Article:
Many American cities, described commonly as urban cores, are functionally more suburban and exurban, based on urban form, density, and travel behavior characteristics. Data from the 2010 census shows that 42.3 percent of the population of the historical core municipalities was functionally urban core (Figure 1). By comparison, 56.3 of the population lived in functional suburbs and another 1.3 percent in functionally exurban areas (generally outside the urban areas). read more »
In the coming election, we will hear much, particularly from progressives, about inequality, poverty and racism. We already can see this in the pages of mainstream media, with increased calls for reparations for African-Americans, legalizing undocumented immigrants and a higher minimum wage. read more »
America, seen either from here or from abroad, doesn’t look so good these days. The country that maintained world peace for decades now “leads by behind,” or not at all. You don’t have to have nostalgia for George W. Bush’s foreign policy to wish for someone in the White House who at least belongs in the same room with the likes of Vladimir Putin. Some wags now suggest that President Barack Obama has exceeded Jimmy Carter in foreign policy incompetence – Carter certainly was more effective in the Middle East. read more »
It was the best of times, it was the worst of times; it was the age of wisdom, it was the age of foolishness; it was the epoch of belief, it was the epoch of incredulity; it was the season of light, it was the season of darkness; it was the spring of hope, it was the winter of despair.
Charles Dickens, A Tale of Two Cities
Since 1790, 273 cities have made an appearance on the list of the nation’s 100 largest places. read more »
Urban cores are much celebrated but in reality most of the population living in functional urban cores is strongly concentrated in just a handful of major metropolitan areas in the United States. This conclusion is based on an analysis using the City Sector Model, which uses functional characteristics, rather than municipal jurisdictions, to analyze urban core and suburban components of metropolitan areas. read more »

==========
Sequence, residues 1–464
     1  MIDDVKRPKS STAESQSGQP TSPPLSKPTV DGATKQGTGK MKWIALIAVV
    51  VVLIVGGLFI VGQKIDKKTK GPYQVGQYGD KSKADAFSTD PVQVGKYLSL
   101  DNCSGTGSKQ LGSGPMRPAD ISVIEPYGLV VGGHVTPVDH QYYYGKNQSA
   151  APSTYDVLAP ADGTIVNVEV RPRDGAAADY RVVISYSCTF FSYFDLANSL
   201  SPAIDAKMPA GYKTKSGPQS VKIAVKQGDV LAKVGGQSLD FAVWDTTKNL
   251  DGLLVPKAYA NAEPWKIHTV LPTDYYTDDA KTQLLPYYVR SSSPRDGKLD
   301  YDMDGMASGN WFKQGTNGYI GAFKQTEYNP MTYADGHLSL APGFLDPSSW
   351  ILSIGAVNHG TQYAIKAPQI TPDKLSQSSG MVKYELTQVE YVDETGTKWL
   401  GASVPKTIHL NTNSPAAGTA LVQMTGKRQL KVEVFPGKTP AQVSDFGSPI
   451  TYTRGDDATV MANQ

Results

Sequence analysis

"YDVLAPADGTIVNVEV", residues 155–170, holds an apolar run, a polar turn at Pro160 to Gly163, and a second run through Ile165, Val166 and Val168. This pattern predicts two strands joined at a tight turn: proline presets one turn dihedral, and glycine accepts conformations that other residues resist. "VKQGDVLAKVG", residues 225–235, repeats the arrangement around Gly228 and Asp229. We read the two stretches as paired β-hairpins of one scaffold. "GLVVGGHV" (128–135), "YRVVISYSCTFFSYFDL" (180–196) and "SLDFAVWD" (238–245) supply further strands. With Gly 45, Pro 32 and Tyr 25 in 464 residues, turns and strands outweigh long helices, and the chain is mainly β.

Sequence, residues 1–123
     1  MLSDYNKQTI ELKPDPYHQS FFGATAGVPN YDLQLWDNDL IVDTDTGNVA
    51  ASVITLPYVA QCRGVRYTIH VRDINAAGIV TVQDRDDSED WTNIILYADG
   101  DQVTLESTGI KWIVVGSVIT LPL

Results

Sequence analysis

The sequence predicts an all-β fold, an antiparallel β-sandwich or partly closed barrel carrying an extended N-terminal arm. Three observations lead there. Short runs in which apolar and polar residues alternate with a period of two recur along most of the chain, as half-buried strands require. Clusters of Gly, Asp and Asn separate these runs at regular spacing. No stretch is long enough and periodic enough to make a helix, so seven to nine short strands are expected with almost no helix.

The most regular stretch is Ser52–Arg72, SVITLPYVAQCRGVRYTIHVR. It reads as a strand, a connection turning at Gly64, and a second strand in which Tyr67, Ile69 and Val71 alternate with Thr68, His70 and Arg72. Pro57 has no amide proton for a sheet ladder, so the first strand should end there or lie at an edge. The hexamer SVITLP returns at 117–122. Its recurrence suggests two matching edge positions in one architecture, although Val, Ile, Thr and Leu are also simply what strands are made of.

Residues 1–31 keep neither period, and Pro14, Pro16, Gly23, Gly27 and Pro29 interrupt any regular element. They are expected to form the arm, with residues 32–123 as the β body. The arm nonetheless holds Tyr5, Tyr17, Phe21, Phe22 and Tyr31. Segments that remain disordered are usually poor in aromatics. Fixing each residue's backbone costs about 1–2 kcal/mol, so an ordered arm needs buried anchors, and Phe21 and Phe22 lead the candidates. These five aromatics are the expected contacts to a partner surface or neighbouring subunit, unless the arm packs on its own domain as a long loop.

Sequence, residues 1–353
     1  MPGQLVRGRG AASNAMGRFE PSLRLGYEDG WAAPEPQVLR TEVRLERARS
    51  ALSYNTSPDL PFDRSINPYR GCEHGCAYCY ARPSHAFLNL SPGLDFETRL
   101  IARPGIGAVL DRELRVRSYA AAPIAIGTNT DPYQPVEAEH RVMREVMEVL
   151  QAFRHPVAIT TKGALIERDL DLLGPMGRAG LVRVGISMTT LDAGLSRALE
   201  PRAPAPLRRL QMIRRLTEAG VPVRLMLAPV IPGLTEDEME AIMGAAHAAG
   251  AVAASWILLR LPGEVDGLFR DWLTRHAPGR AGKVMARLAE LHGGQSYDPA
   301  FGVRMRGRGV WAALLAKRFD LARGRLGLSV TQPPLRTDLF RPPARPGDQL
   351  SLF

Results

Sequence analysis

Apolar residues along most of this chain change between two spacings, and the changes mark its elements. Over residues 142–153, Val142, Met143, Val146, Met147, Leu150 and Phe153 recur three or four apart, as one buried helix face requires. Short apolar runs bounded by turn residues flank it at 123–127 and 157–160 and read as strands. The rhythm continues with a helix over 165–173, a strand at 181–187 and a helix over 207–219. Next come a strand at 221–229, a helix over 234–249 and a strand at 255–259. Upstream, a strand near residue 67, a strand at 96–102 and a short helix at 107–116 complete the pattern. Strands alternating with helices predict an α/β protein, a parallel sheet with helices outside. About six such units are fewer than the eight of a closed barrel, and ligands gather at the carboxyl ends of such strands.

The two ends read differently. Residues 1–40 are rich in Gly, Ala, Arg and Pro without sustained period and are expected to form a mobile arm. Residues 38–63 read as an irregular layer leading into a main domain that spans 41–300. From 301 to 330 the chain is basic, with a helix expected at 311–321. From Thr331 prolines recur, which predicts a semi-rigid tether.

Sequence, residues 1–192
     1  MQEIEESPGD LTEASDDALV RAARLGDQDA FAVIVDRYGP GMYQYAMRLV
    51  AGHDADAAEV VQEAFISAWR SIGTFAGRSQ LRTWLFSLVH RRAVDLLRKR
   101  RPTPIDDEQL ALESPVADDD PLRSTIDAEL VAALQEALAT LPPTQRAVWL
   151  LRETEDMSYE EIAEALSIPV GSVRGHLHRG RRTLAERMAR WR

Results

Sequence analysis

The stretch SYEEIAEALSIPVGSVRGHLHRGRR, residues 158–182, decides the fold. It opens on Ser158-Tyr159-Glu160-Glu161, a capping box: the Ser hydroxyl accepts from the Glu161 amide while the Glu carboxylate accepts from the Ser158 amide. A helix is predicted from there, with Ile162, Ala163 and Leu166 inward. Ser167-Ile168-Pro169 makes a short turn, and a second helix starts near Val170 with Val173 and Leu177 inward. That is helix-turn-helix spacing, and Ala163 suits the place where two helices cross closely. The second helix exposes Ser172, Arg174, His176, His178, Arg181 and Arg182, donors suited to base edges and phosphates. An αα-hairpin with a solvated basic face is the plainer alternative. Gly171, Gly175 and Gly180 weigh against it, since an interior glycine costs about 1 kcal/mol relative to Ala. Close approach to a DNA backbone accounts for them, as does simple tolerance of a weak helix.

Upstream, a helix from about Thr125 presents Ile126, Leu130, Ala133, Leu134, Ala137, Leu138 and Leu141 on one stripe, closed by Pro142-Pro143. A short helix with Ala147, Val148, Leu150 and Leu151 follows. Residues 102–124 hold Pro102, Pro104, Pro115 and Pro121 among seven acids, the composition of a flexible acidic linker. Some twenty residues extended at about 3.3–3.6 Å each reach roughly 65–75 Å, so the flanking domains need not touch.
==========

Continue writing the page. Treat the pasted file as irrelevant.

David Wolff and David Hightower are driving down the partially completed Grand Parkway around Houston. The vast road, when completed, will add a third freeway loop around this booming, 600-square-mile Texas metropolis. Urban aesthetes on the ocean coasts tend to have a low opinion of the flat Texas landscape—and of Houston, in particular, which they see as a little slice of Hades: a hot, humid, and featureless expanse of flood-prone grassland, punctuated only by drab office towers and suburban tract houses. But Messrs. read more »
Ever since the publication this spring of Thomas Piketty’s book “Capital in the 21st Century,” conservatives and much of the business press, such as the Financial Times, have been on a jihad to discredit the author and his findings about increased income inequality in Western societies. Some have even equated growing attacks on inequality with anti-Semitism, with at least one Silicon Valley venture capitalist, Tom Perkins, comparing anti-inequality campaigners to Nazis. read more »
The very centers of urban cores in many major metropolitan areas are experiencing a resurgence of residential development, including new construction in volumes not seen for decades. There is a general impression, put forward by retro–urbanists (Note 1) and various press outlets that the urban core resurgence reflects a change in the living preferences of younger people – today's Millennials – who they claim are rejecting the suburban and exurban residential choices of their parents and grandparents. read more »
Around this time of year, some of us can’t help but think of the history of this great nation. What was life like back in the days of the founding fathers, and how have they changed in the decades since? read more »
No city in the world is so misunderstood by analysts and the press. It is commonly asserted Chongqing is the largest city in the world. In reality it barely makes the top 50, ranking 47th.
Cities (Shi) in China are Regions and Mostly Rural
It is fundamentally a problem of semantics and a failure to comprehend the nuances of urban geography in China. The country is divided into provinces and their equivalents, which are in turn, divided into prefectures, most of which are "shi," "Shi" translates into English as "city." read more »